His biggest holdings remains Harvey Nash (8.6%), Robert Walters (7.9%), Trifast (6.1%), Volex (5.9%) and Mears (5.9%). Volex produces interconnectors and power cords for electrical products, and enjoyed a terrific run towards the end of last year. It has been a similar story for Trifast, a maker of industrial fasteners.
Webb makes it his business to go out and meet industrial producers – something most fund managers in Britain won’t do unless they are hanging around Shenzhen. And with a £150m fund and the likelihood of a five-year holding, industrialists hold him in high regard.
It helps that, rather like the businesses he invests in, Webb is something of a rough diamond. His father worked for a bookie and as a window cleaner, and today the fund manager lives in Essex with his wife and three children. As the boss of Unicorn, he is unhampered by the sort of corporate doublespeak that sometimes prevents fund managers elsewhere really speaking their mind.
He set up Unicorn in 2000 after a fund management career that began at Thornton in 1987. In 1992 he met Peter Underhill of Capital Industries and together they created Capital Web Asset Management.
Today Unicorn has about £350m under management spread around eight funds, although Eaglet remains very much its flagship. It is 70% owned by its executive management team, and last October there was much talk that Webb was planning an Aim flotation for the group, timed for early this year. The idea was that a market float would help incentivise the team of fund managers with share options, as well as giving some of the early backers a cash exit.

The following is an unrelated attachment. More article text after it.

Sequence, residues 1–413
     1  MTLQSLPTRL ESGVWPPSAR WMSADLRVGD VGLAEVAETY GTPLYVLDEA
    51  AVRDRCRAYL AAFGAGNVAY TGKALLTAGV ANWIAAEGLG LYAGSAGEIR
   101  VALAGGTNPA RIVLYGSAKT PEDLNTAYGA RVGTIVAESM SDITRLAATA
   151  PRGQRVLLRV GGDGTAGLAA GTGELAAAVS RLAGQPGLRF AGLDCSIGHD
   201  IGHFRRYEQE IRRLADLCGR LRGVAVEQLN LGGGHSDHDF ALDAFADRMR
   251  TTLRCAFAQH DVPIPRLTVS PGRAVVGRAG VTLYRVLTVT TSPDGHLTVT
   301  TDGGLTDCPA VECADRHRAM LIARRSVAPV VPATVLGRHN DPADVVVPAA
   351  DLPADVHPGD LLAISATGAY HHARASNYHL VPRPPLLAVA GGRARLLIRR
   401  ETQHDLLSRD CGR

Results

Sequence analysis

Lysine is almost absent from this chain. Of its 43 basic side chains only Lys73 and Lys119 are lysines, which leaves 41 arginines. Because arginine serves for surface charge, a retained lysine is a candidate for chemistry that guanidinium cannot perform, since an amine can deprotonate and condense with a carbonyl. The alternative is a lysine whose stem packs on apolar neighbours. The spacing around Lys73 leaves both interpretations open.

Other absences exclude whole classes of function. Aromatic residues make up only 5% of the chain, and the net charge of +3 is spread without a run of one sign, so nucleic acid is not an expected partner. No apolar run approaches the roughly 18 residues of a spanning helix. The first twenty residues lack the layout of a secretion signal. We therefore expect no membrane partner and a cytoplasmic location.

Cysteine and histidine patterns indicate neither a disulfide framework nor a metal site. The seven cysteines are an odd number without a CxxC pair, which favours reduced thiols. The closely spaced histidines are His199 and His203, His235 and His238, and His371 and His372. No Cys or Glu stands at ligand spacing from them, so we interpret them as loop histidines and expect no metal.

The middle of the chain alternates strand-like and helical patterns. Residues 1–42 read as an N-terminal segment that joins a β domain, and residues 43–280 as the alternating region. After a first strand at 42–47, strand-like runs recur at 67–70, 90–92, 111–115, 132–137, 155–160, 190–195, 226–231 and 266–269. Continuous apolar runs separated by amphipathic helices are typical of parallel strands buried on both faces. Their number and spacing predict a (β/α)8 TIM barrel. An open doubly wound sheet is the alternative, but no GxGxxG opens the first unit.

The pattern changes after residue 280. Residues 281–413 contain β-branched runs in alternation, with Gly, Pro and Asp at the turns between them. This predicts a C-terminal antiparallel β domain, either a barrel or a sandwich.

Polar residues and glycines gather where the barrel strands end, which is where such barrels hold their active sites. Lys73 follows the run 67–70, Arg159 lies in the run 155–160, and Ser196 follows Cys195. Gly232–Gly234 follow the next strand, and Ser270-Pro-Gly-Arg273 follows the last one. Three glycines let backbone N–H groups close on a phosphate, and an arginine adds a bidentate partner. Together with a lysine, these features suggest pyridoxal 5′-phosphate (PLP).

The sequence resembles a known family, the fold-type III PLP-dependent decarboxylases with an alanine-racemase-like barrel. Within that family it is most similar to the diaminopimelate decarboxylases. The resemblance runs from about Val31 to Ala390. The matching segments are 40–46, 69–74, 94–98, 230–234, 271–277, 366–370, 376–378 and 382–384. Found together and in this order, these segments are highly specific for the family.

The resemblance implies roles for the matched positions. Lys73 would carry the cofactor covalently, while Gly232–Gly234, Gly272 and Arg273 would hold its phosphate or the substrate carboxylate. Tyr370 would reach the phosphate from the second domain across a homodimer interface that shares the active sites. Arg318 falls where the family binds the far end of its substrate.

But that’s now very much on the back burner: “We were looking at a flotation, but it was interesting to see the response from people in business and the City that we really respect. Most said ‘fine’, but some didn’t think it was such a great idea. There’s a mystique about Unicorn; it’s fast growing and I believe has got a lot further to grow yet.”
But surely if the likes of New Star’s John Duffield came along waving a large wedge of cash plus huge marketing support, Webb would interested in a deal?
He says not. “It’s my lifetime’s work and I love doing this job. What would I do with the money anyway? I don’t want for much. I really do believe we are at the beginning of a great opportunity with Unicorn. I don’t see any other businesses on the stockmarket that I think have such good prospects.”
Webb, who in his 30s was happy to tell others that he planned to be a millionaire before he hit 40, is a man with striking ambition. And that’s the name of his horse: Striking Ambition: “If you are fortunate enough to run a business, you need a hobby as well. Some people do golf; I do the horses, and I’ve been fortunate enough to make a return on it as well. Striking Ambition is a three-year-old, he’s come on very well over winter and could do really well this year.” And that’s just the horse.